A stern, non-nonsense conversation at the start of the season apparently did the trick, where Cole Custer was concerned.
And now Custer is ready to take the next—and largest—step in his NASCAR career.
The driver of the No. 00 Stewart-Haas Racing Ford, who will race for the NASCAR Xfinity Series championship in Saturday’s Ford EcoBoost 300 at Homestead-Miami Speedway (3:30 p.m. ET on NBCSN, MRN and SiriusXM NASCAR Radio), will drive the No. 41 Monster Energy NASCAR Cup Series Ford for SHR next year.
Custer will succeed Mexican driver Daniel Suarez, who ran out of time while trying to put together a deal for a second year in the No. 41. Suarez is the only foreign-born driver to win a championship in any of NASCAR’s top three touring series, having claimed the Xfinity title in 2016.
While Suarez is seeking his next opportunity in the stock car ranks, Custer will be the third driver of the No. 41 Ford in three years, following Kurt Busch and Suarez in the ride co-owned by Gene Haas and Tony Stewart.
“This is obviously a dream come true,” Custer said on Friday before opening Xfinity Series practice. “I’ve been around the garage for a long time, and when I was a kid, I never thought I would be good enough to be a Cup driver. It’s pretty unreal to have that happen.
“We obviously have a big race tomorrow, and that’s where our main focus is. It’s the biggest race of the season, and it all comes down to this race, so that’s what we’re focused on.”
At the start of the season, Custer was told by the ownership in no uncertain terms what was expected of him. The 21-year-old from Ladera Ranch, Calif., responded with seven victories in 2019, bringing his career total to nine.
“You always put a lot of pressure on yourself,” Custer said. “I know we have fast cars and stuff like that, so you try to find ways and look at yourself to see what you can do better. I know there are still things that I can do better. It’s constantly looking back on it and trying to make yourself a better driver.”
For Suarez, the ouster from the No. 41 car came as a surprise.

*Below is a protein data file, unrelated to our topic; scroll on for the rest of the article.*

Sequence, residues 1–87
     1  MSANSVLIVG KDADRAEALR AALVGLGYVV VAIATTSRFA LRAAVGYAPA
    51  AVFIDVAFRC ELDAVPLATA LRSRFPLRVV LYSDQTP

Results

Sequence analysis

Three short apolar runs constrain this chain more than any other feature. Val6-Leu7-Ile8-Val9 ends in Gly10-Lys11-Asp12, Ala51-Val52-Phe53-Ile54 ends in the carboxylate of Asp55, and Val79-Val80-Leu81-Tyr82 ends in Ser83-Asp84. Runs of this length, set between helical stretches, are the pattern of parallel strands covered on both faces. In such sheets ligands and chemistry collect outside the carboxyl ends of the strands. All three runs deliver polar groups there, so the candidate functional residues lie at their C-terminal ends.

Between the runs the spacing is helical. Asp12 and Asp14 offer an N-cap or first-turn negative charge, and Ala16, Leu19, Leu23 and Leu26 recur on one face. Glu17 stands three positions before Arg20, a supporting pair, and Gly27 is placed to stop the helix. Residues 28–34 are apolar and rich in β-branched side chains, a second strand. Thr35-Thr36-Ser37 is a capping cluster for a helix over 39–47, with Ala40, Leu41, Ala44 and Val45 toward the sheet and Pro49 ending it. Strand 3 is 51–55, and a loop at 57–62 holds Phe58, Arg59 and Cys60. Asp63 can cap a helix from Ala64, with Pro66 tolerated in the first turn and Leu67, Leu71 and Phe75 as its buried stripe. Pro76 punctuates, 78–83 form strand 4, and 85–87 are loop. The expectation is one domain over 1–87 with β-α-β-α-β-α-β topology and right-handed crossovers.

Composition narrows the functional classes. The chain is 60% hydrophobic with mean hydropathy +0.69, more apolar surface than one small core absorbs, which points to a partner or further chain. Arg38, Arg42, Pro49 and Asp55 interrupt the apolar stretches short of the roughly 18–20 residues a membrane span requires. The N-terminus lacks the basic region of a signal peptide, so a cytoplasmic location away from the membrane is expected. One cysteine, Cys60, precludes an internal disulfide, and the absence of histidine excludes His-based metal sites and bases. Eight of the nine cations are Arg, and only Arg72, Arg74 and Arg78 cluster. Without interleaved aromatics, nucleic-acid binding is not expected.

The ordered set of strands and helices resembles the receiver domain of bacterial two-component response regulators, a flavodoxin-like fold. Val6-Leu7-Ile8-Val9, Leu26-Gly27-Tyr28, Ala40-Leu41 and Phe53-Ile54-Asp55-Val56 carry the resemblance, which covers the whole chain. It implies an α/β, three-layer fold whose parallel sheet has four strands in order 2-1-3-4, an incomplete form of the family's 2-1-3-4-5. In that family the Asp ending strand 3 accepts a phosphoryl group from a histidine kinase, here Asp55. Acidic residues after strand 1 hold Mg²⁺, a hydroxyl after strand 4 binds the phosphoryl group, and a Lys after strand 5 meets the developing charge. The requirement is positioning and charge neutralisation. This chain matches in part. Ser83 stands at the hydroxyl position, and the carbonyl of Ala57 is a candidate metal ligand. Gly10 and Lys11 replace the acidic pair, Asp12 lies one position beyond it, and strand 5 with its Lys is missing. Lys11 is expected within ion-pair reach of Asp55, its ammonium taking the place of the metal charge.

“I’m a little disappointed,” Suarez acknowledged on Friday. “A lot of people have worked very hard on this team to try to put everything together, and unfortunately it wasn’t enough. We needed a few months. We had to find a big amount of money to keep the ride for next year. My group of people, friends and a lot of people at Stewart-Haas Racing went to work, and we actually did a pretty good job.
“We pretty much got the goal, but, unfortunately, part of the money wasn’t on the table at this point. It was going to come a few months later, and it wasn’t enough. It was a little unfortunate. It was a surprise. I was as shocked as you guys are probably right now, just a couple of nights ago. It is what it is. One door closes, another door opens.”
Where that other door will open remains to be seen. Stewart said on Friday that he would like to help Suarez remain in the series, but it’s Haas who has the final say about personnel for the No. 41.
“Tony is a great guy,” Suarez said. “In the last six months, I have learned that he is a very good friend. In the last week I have been talking to him a lot. He was talking to a lot of people and he was pushing very hard for me.
“Unfortunately, the 41 team, and especially the 41, he doesn’t have a lot that he can do with that car because the 41 is not his car. He pushed. I am sure that he pushed as hard as he could, like a lot of people at Stewart-Haas Racing did. It just didn’t work out.”